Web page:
The first research university focused on bringing together faith and science, Catholic Institute of Technology is preparing to welcome students in September with an aim of providing scholarship across STEM fields.

The university aims to form the next generation of ‘saints, scholars and scientists.’ The school is located in Cambridge, Massachusetts and in Alban Hills of Castel Gandolfo, near the historical papal summer residence where a number of faith and science events over the decades have been hosted. Students have the choice of degree programs in civil engineering, mechanical engineering, electrical engineering and computer science, biomedical engineering, and biology.

Reportedly, the school is open to accept 50 students per year. According to the university, the aim is to foster a community of Catholic scientists and engineers who boldly engage with advancements in STEM while upholding the Catholic tradition. They also seek to dispel the misconception that faith is incompatible with scientific exploration that has caused many to stray from the church, according to the school’s website.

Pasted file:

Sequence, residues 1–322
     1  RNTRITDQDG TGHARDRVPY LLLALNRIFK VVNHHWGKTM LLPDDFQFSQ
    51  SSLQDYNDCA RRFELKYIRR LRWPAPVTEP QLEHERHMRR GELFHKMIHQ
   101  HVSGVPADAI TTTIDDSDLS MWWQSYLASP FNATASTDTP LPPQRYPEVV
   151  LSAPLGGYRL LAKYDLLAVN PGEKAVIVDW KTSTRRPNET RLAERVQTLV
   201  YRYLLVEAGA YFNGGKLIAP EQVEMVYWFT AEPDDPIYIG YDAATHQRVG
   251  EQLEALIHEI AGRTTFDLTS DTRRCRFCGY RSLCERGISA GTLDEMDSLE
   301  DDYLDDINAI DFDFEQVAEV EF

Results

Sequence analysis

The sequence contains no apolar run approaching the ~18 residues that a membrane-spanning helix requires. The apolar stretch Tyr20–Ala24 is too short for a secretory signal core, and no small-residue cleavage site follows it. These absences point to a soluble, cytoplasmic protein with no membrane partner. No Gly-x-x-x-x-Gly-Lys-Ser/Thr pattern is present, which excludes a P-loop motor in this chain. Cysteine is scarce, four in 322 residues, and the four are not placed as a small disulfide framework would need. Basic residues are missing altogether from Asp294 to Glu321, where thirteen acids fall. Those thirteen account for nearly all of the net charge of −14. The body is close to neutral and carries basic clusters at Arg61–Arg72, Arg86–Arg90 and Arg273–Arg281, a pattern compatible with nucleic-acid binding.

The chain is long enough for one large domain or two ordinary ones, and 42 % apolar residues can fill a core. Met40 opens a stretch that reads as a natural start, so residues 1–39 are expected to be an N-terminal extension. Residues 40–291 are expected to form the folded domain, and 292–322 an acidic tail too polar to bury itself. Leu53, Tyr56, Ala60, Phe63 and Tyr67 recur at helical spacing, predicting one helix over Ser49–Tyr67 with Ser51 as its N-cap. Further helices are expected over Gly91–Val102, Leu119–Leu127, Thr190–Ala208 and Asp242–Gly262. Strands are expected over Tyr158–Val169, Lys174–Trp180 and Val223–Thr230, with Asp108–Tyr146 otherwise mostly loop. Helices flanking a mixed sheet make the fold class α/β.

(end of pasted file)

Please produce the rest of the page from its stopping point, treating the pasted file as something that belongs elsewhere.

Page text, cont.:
CatholicTech was founded last fall by Bill and Alexis Haughey, along with Bishop Arther Kennedy, who is the auxiliary bishop of the Archdiocese of Boston, who serves as professor emeritus and University President.

Susan Barreto
Susan Barreto

Susan is an author with a long-time interest in religion and science. She currently edits Covalence, the Lutheran Alliance for Faith, Science and Technology’s online magazine. She has written articles in The Lutheran and the Zygon Center for Religion and Science newsletter. Susan is a board member for the Center for Advanced Study of Religion and Science, the supporting organization for the Zygon Center and the Zygon Journal. She also co-wrote Our Bodies Are Selves with Dr. Philip Hefner and Dr. Ann Pederson.

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